Path-dependent options in BS framework is intuitive to price with monte-carlo under risk-neutral measure, however it appears that several kinds can be priced with PDEs. I understand how does the story goes for Asian options: the payoff depends on more than just asset price and time, so we introduce a new variable, our model happens to be Markovian again, completeness is still in place - hence just write down Kolmogorov-like equation for the option price for the risk-neutral measure.

In case of barrier options, we often don't even need to enlarge the state space: only introduce the additional boundary conditions at barriers. However, in Wilmott's "Mathematics of Financial Derivatives" and "PWOQF2" the derivation is rather informal and hand-shaky, something like "before hitting the barrier the option's price satisfies the BS equation". It's not that clear to me, though, why is that.

Another book I've checked was "Martingale methods" by Musiela and Rutkowski - there they just compute expectation of present value, having indicators for barrier events - they use joint distribution of max/min of Brownian motion with Brownian motion itself; there everything is formal, but not expressed in the framework of PDEs.

I thus interested in:

  1. Formal derivation of PDE and boundary conditions for barrier options in the BS model. I've also checked out Shreve's 2nd volume, Section 7.3.2 - but yet again the argument in Lemma 7.3.2 there is a bit informal on the one hand, and on the other - the rest of the proof is done via martingale methods.

  2. Can you advise any "classical" book on math finance which follows the PDE approach (rather than martingale/expectation approach) and is mathematically rigor?

  • $\begingroup$ Wilmott's PDE for Barriers is same as for any other option; as he says "The details of the barrier feature come in through the specification of the boundary conditions." You can do it via FDM. BTW, you can post on wilmott site, and may find him responding on it. If you do, please post a link to that thread here. $\endgroup$ – user12348 Apr 29 '14 at 23:00

Some more concrete sources on Barrier option in the B&S setting and PDEs

More of a general remark to PDE approaches in finance

Ilya as far as I know the literature on that topic is quite limited. Solving a PDE means solving a PDE - it does not matter in which context. Most economists leave the solving of PDEs if they arise in a pricing context to pure mathematicians. This is why almost no finance book will teach you how to solve one explictly - this is either something you learn in pure math or physics or delgegate.

I think you are might be interested in "interfacing theorems" like Feynman-Kac that establish the link between pricing and PDE.

Also to my knowledge there is no unifying PDE-based approach to pricing derivatives.

Still there are some books that have more extensive sections on PDE-theory e.g. PDE and Martingale Methods in Option Pricing You might also find the following report quite comprehensive. (The focus however is not on finding closed-form solution but rather on numerical schemes)

  • $\begingroup$ Thanks for your answer. I actually didn't mean solution of PDEs, especially an analytic one, just a PDE formulation. At least one advantage it gives is useful formulas for Greeks. My point is that the PDE for barriers in BS is "derived" using arguments like "value of option satisfies BS before hitting the barrier", so obviously we need to solve BS equation with an additional boundary condition on the barrier. As usual, it is this obvious step that can make the whole result being incorrect - so I just wondered whether there is a detailed explanation of this. $\endgroup$ – Ilya Apr 4 '14 at 10:01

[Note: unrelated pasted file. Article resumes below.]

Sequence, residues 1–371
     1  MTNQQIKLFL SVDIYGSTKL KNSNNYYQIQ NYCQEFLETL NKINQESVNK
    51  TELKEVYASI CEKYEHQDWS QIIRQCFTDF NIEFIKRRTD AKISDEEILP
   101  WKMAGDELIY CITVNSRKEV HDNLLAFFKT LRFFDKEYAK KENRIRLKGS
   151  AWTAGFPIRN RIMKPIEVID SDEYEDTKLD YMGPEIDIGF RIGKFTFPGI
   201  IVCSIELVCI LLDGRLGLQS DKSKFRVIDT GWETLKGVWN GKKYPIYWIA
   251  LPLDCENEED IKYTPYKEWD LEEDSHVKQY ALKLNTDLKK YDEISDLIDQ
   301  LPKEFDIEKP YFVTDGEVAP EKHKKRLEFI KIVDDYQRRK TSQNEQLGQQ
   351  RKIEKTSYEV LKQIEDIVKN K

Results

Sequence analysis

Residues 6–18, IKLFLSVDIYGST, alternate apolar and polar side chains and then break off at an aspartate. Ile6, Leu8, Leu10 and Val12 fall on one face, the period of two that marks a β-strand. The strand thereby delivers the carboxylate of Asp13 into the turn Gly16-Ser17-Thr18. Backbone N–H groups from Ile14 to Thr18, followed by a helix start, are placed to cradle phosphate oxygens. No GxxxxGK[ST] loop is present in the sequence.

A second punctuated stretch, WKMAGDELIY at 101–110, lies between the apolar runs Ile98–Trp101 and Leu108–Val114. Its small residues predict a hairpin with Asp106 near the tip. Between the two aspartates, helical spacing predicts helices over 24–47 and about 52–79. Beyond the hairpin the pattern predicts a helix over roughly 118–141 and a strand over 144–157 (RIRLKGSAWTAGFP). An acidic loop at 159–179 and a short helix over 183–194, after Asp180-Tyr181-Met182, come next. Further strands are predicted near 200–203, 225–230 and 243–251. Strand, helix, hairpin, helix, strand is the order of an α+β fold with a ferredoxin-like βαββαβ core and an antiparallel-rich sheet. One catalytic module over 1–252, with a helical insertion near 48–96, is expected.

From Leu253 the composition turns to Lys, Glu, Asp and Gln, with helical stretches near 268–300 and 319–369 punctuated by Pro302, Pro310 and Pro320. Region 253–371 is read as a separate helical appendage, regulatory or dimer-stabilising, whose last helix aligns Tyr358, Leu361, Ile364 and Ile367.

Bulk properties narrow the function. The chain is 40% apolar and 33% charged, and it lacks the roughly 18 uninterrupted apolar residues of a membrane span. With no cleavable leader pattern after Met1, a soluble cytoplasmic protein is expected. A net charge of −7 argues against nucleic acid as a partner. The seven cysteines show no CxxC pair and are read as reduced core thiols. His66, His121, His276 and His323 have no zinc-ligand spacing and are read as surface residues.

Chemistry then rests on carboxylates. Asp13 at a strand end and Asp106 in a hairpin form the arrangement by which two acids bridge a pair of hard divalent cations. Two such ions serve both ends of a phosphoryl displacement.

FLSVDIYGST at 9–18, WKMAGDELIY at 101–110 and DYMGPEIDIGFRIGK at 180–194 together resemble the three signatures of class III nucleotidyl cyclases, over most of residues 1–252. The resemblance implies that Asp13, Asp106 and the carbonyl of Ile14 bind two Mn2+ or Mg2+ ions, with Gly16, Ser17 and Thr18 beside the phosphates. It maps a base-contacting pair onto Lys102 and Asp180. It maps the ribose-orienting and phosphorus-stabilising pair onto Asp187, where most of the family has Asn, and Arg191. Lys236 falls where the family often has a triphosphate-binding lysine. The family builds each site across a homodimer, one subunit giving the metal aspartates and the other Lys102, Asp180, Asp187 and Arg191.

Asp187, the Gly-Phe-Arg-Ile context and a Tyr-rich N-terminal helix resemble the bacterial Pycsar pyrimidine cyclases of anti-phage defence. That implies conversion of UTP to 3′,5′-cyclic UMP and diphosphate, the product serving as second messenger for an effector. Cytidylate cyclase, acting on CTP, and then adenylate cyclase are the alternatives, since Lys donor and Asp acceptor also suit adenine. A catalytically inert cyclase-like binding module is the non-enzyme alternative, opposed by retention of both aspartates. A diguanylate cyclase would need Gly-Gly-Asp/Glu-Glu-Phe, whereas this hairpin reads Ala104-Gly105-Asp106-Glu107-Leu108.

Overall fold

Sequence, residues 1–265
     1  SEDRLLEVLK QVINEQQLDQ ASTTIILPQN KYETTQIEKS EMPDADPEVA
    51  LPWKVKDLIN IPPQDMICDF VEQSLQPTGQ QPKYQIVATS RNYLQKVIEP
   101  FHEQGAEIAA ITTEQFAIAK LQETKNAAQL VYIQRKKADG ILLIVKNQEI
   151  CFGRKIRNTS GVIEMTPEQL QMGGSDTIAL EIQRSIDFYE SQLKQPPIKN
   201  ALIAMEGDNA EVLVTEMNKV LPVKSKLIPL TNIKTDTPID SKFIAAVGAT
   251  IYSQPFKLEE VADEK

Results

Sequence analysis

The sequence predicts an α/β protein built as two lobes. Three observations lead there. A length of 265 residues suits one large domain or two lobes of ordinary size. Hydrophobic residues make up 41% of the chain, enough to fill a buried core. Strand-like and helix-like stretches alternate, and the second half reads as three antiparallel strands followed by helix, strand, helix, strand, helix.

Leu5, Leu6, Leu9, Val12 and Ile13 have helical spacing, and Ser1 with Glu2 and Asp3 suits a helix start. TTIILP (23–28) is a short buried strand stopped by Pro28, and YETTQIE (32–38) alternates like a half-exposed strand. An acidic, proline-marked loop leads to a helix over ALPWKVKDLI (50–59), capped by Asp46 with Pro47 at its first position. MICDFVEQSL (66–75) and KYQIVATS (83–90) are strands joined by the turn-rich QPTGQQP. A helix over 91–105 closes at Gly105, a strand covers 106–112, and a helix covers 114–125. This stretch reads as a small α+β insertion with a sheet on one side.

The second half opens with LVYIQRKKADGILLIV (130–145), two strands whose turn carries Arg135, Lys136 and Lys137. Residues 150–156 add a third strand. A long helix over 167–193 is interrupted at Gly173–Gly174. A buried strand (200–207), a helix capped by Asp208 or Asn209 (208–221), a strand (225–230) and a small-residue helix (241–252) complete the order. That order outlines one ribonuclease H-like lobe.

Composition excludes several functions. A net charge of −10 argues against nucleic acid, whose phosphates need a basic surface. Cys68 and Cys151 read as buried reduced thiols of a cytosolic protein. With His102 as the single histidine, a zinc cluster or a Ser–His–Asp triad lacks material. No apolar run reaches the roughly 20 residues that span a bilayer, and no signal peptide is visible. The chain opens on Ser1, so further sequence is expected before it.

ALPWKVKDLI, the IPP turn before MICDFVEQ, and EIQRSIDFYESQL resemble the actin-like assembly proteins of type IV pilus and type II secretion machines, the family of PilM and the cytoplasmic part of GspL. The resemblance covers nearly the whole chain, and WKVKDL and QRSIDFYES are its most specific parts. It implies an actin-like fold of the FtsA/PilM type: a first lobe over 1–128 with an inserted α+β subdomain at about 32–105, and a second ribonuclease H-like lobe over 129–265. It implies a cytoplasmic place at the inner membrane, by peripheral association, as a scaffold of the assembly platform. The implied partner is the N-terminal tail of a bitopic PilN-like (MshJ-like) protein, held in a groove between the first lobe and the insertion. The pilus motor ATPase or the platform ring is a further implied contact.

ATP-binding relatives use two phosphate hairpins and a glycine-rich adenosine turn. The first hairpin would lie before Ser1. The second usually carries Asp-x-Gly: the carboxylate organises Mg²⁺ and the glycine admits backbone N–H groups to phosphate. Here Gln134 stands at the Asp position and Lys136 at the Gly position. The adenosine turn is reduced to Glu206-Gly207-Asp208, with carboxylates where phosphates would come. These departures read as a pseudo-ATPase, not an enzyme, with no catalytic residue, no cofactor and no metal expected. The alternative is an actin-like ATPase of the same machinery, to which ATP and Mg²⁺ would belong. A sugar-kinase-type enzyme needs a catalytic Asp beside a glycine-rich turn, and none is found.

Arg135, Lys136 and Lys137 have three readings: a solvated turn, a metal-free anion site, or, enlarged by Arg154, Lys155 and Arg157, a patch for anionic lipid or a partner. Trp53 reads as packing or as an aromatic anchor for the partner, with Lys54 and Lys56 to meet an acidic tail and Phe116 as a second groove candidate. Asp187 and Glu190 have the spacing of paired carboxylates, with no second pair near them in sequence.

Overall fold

• $\begingroup$ Regarding PDE approach, I'd say Wilmott follows it everywhere in his books. Actually that's the same as martingale approach + Markovian structure, but without mentioning the latter two things too often (as Shreve does, in contrast) and using instead $\Delta$-hedging-like arguments, which of course leads to the same PDE as the martingale approach does. So I'd be interested in a book with a similar approach, but slightly more formal on the PDE side (not necessarily on a stochastic side). Maybe there are some known textbooks of that kind, if not - nevermind. $\endgroup$ – Ilya Apr 4 '14 at 10:06
  • $\begingroup$ @Ilya - This may be of a nice place to start: Finite Difference Methods in Financial Engineering by D. Duffy $\endgroup$ – pincopallino Apr 9 '14 at 9:25
  • $\begingroup$ @llya Could you please clarify why do you say that Wilmott's approach is "the same as martingale approach + Markovian structure, but without mentioning the latter two things"? $\endgroup$ – user12348 Apr 29 '14 at 22:55

That's an old post by now, but since I somehow came across it here's my take. The reason why Wilmott is correct is because all the hypotheses made in order to formulate the pricing PDE for vanillas (I assume you're comfortable with that), still hold in the case of barrier options. So why is it that you doubt that the same PDE can be used? So yes, it's only the boundary conditions that differ and yes, it is indeed obvious that the PDE is satisfied by barrier options when you use the same BS assumptions.

As for probilitator's implying that the actual solving of the PDE's is usually left to pure mathematicians, I'm not sure about that! This should be engineers, (or at least applied mathematicians) as they are the ones who like to (and thus specialize) in solving things in practice, pure mathematicians usually prefer to stay in their abstract world:)


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